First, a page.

Charting the Impossible: The Intrepid Mission of Slobodan Miljevic

Written by: Martin Freund

Such is the influence of postmodern inclusiveness that some of the most interesting abstract painters today employ a much broader vocabulary of forms and manners within an individual work than their predecessors in previous decades, when sharper distinctions were insisted upon between hardedge abstraction, lyrical abstraction, and other subdivisions of nonobjective painting.

A fine case in point is Slobodan Miljevic, at Agora Gallery, 530 West 25th Street, from October 24 through November 13, reception, Thursday, November 6, 6 to 8 pm. A widely exhibited artist from Serbia, he states, "I am trying to create balance between diversities and dimensions." Although an autodidact, Miljevic is a consummately sophisticated painter, conversant with a broad range of techniques, which he combines in a manner that gives his compositions a multidimensional quality. Mediums are mixed liberally in order to lend his paintings a plethora of textural and coloristic contrasts. Often, he combines oils, acrylics, sand, and even digital prints to striking effect.

Color often functions as light in compositions such as "Flash," a digital print and acrylic on canvas in which glowing auras radiate from areas of deep red and nocturnal blue. In many of Miljevic's paintings, as titles such as "Star Landscape," and "From the Earth" may indicate, one gets the sense of being projected into outer space. Light and movement are evoked to suggest the unsettling velocity of a highly technological sci-fi age in which virtual reality holds as much sway as the world one walks around in every day. Yet while his colors often suggest the unearthly glow that emanates from computer screens and video monitors, and the precise linear elements in his paintings smack of technical diagrams, there is also a lyrical element in his work that harks back to the gestural traditions of tachisme, the European counterpart of Abstract Expressionism.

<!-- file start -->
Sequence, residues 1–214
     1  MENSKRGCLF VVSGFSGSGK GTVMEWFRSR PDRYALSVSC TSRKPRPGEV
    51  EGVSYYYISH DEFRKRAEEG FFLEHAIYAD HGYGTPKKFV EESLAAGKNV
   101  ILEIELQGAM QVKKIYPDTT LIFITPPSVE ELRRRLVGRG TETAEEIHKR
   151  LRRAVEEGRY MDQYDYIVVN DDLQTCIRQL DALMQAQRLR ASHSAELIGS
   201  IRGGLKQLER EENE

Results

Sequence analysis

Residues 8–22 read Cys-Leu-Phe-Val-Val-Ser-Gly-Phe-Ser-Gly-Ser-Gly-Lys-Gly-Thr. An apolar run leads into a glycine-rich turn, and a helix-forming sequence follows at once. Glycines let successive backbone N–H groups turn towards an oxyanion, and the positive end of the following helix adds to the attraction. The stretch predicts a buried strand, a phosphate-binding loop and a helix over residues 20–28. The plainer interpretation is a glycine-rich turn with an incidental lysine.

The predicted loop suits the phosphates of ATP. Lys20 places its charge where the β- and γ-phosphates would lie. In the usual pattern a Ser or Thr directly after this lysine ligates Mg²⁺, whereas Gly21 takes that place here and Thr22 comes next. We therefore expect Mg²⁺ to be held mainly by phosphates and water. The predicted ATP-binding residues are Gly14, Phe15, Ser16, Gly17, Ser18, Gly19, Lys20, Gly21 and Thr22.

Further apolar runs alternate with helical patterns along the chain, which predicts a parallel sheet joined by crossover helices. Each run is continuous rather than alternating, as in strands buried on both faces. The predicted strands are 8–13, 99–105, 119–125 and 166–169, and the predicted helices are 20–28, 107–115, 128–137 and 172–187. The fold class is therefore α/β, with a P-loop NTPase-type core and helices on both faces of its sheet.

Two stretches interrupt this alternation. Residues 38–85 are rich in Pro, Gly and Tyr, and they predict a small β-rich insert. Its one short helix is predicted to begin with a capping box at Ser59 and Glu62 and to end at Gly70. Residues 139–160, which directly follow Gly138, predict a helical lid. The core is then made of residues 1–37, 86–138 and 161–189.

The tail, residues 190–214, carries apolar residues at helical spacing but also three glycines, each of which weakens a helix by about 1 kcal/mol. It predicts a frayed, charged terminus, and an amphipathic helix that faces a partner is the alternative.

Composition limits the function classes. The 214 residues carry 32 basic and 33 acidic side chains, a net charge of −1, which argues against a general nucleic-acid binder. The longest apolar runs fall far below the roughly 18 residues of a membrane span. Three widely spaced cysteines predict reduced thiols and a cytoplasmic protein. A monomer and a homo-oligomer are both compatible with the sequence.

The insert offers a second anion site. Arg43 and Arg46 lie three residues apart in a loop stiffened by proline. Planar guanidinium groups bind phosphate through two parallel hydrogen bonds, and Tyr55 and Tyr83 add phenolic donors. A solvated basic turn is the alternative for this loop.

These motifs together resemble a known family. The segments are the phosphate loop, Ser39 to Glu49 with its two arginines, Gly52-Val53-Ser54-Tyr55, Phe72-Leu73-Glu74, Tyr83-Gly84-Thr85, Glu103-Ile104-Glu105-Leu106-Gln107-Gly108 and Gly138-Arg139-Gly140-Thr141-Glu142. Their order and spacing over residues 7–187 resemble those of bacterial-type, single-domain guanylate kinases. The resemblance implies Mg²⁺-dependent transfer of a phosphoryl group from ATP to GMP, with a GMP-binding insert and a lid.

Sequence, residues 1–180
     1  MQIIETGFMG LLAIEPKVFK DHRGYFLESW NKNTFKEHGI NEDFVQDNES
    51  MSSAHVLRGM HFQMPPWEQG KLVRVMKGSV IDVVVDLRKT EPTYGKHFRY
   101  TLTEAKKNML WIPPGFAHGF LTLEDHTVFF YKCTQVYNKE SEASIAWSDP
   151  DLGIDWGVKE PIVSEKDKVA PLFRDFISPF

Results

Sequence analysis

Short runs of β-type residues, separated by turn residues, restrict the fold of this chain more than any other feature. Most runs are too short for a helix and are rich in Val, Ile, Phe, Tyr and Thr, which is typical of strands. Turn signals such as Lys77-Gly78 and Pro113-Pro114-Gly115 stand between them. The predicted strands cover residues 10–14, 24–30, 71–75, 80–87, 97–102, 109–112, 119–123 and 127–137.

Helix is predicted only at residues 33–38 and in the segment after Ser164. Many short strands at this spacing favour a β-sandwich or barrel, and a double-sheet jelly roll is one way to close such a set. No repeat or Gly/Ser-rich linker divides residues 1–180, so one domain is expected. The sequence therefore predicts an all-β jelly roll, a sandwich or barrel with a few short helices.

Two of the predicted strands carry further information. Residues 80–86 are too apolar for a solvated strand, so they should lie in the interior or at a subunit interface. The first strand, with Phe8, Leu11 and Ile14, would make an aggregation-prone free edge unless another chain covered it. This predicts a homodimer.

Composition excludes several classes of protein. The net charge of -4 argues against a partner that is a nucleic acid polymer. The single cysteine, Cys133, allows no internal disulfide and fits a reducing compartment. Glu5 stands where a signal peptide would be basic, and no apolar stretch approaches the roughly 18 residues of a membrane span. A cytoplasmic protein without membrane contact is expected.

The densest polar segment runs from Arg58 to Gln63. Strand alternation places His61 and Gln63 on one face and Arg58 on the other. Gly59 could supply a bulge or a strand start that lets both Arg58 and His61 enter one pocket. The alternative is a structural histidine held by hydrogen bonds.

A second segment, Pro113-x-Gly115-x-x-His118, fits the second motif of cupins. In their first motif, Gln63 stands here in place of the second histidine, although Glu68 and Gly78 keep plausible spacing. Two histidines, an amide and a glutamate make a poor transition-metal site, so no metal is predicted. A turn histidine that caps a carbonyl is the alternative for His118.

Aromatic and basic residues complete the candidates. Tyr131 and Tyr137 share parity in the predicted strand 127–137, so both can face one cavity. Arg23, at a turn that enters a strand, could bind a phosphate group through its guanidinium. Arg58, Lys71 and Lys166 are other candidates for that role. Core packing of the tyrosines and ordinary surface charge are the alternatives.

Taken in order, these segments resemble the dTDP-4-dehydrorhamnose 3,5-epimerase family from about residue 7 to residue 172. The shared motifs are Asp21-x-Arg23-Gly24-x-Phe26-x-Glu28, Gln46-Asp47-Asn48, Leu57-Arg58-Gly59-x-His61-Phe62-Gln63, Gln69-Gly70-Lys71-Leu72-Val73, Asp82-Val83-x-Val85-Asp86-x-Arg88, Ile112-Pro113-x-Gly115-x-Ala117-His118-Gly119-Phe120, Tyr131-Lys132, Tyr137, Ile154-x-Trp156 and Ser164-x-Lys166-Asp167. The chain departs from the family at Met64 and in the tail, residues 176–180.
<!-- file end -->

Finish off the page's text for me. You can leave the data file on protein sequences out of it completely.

One thinks particularly of predecessors such as Hans Hartung, the German painter who settled in France and fused the colors of the Fauves with the improvisational spirit of Klee and Kandinsky. Similarly, Miljevic's intense layerings of line, coupled with radiant auras, charge his paintings with great chromatic and tactile vibrancy, pushing their contrasts a step further. It stands to reason that Miljevic cites both the Constructivists and the Abstract Expressionists as influences, given the eclectic nature of his paintings, in which elements of those diverse schools converge in a harmony that would almost not seem possible.

Perhaps the complementary contrasts in this regard are most immediately evident in "Net" and "So High," two related works in acrylic, oil, and sand on canvas, in which his synthesis of line and color is most dynamic. In both paintings, respectively, intricate concentrations of lines are layered over areas of blue and yellow in a multitude of interwoven or adjacent brushstrokes. Here, the tensions that animate the compositions seem to result from an almost compulsive need to chart the unknowable, to impose a systemic armature upon a fictive expanse suggesting the vastness of the sky.

The Quixotic effort hints at nothing less than the frustration of our ineffectual position vis a vis the solving the mystery of existence. Indeed, it is Slobodan Miljevic's willingness to bite off more than any artist can reasonably chew, combined with his ability to delight our senses and capture our imaginations in the process, that makes his work vastly ambitious and ultimately valuable.

Image Credits: Runway Acrylic on Canvas, 8.3" x 11.8"

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